Hearing Loss Tied to Depression in Study
Women, non-seniors more likely to be affected this way, researchers say
By Kathleen Doheny
THURSDAY, March 6, 2014 (HealthDay News) -- Hearing loss is associated with depression among American adults, especially women and those younger than age 70, according to new research.
While other studies previously have found the same link, many of them looked only at older adults or at specific regions or ethnicities, and results have been mixed, the researchers pointed out.
In the new study, as hearing declined, the percentage of depressed adults increased -- from about 5 percent in those who had no hearing problems to more than 11 percent in those who did.
"We found a significant association between hearing impairment and moderate to severe depression," said study author Dr. Chuan-Ming Li, a researcher at the U.S. National Institute on Deafness and Other Communication Disorders. "The cause-and-effect relationship is unknown," Li said, citing a need for further studies.
The study was published online March 6 in JAMA Otolaryngology--Head & Neck Surgery.
The new findings make sense, according to two experts in the field who reviewed the study conclusions.
"It is not surprising to me that they would be more likely to be depressed," said James Firman, president and CEO of the National Council on Aging. "People with hearing loss, especially those who don't use hearing aids, find it more difficult to communicate with other people, whether in family situations, social gatherings or at work."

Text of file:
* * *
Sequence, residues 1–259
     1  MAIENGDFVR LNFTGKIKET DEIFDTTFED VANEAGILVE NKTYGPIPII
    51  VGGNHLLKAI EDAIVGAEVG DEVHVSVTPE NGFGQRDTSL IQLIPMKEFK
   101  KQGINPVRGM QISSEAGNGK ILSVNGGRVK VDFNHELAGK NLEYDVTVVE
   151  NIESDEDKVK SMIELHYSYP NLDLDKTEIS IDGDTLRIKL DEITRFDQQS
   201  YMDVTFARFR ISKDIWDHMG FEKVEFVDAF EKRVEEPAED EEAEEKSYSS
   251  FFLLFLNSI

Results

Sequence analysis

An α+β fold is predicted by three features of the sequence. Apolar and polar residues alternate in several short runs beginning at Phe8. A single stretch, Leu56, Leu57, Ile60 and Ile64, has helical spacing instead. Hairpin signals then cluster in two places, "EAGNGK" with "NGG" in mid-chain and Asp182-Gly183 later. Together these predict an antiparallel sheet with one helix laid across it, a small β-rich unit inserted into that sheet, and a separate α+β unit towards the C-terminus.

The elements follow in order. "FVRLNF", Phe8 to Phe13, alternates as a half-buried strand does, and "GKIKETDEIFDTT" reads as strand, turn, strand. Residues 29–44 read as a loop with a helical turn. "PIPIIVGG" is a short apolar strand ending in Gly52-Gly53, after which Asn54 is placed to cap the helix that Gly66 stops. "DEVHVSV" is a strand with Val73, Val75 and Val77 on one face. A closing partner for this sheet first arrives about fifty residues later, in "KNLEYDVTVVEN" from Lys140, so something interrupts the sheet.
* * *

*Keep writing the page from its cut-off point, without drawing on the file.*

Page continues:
Experts who care for those with hearing loss have long noticed the link, said Robert Frisina, director of the Global Center for Hearing & Speech Research at the University of South Florida, in Tampa. "When they come in [to see about their hearing], they mention this," he said.
Even so, Frisina noted, the study is valuable because it adds solid data to the anecdotal information.
For the new study, the researchers looked at data from the U.S. National Health and Nutrition Examination Survey, including more than 18,000 adults aged 18 and older. The younger people self-reported on their hearing status, while hearing tests were given to those 70 and older. All participants filled out a questionnaire designed to reveal depression.